People Are On The Pitch - And It's Shameful

Rule 20(b) Section E of the FA rules state that no spectators or unauthorised persons are permitted to encroach onto the pitch area (save for reasons of crowd safety), or to throw missiles, bottles or other potentially harmful or dangerous objects at or on to the pitch. Maybe there should be a caveat added - except for the last matches of the season.

Understandably, emotions run higher when the business end of the season comes around, and the entire term's work can come down to that final 90 minutes. It can be make or break. It can be the difference between relegation and promotion, and for some it could be the difference between administration and financial security.

The actions of some supporters though, despite what's at stake, has been shameful - and a throwback to the bad old days. Rules go out of the window, and people see it as an excuse to cause a little trouble. Even at the game that I was at on Sunday, between QPR and Newcastle - where there was absolutely nothing to play for - fans tried, and many succeeded, getting on the pitch.

And the scenes at Hillsborough and Kenilworth Road were unnecessary throwbacks to a bygone era, and will no doubt be addressed by the FA, although thus far they have been extremely quiet on the subject, only stating that they have opened an inquiry into both incidents.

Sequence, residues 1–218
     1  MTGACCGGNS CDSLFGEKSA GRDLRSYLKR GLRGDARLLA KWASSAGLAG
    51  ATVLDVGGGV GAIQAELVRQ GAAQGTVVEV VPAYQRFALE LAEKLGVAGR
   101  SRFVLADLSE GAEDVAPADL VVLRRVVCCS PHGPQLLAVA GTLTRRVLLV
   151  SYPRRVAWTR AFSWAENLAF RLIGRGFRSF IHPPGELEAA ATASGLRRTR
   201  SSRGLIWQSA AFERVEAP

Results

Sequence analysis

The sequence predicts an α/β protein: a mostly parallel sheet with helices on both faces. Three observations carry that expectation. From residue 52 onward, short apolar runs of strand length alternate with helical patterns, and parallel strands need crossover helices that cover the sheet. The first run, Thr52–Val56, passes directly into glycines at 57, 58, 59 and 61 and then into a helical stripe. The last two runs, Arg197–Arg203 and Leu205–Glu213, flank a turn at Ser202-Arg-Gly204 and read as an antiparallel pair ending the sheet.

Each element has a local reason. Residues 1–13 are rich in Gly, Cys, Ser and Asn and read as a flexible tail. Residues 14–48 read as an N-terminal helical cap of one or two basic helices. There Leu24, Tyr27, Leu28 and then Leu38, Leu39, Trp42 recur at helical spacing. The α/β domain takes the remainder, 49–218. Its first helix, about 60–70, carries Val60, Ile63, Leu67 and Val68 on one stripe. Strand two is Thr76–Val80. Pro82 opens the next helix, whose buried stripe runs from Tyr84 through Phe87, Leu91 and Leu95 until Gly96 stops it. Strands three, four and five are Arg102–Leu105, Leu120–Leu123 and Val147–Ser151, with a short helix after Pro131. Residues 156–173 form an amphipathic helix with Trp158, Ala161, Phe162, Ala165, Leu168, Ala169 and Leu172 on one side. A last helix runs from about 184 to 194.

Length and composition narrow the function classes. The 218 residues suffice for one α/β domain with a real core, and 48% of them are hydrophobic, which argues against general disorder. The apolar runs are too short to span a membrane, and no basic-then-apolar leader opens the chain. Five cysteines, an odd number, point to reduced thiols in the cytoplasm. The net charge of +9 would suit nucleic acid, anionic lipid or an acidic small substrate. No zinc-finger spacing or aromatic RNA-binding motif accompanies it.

It goes deeper than these two incidents though. There were spectators on the pitch at Grimsby, after their victory against Barnet, at Blackpool after they got in the play-offs, and at both Norwich and Rochdale when they were promoted. Pitch invasions are being organised on Facebook and on other social websites, and the end of season is seen as an excuse for it. It's last day of school syndrome, and it's time the authorities took it more seriously. Pitch invasions are very rarely purely celebratory. Victorious supporters end up goading the losers, looking for a reaction out of them - and often getting it.

So, what's the answer, and why is it back in vogue ? Football clubs and the authorities have to handle the issue with more conviction. Bedfordshire police are looking to hand out 100 banning orders. This should be a deterrent, but does it go far enough ? How about bringing back fencing ?

And all those who feel football has rid itself of its hooligan problem need to open their eyes. It's still there, bubbling under the surface, and the authorities need to take a stand - before it becomes too late.

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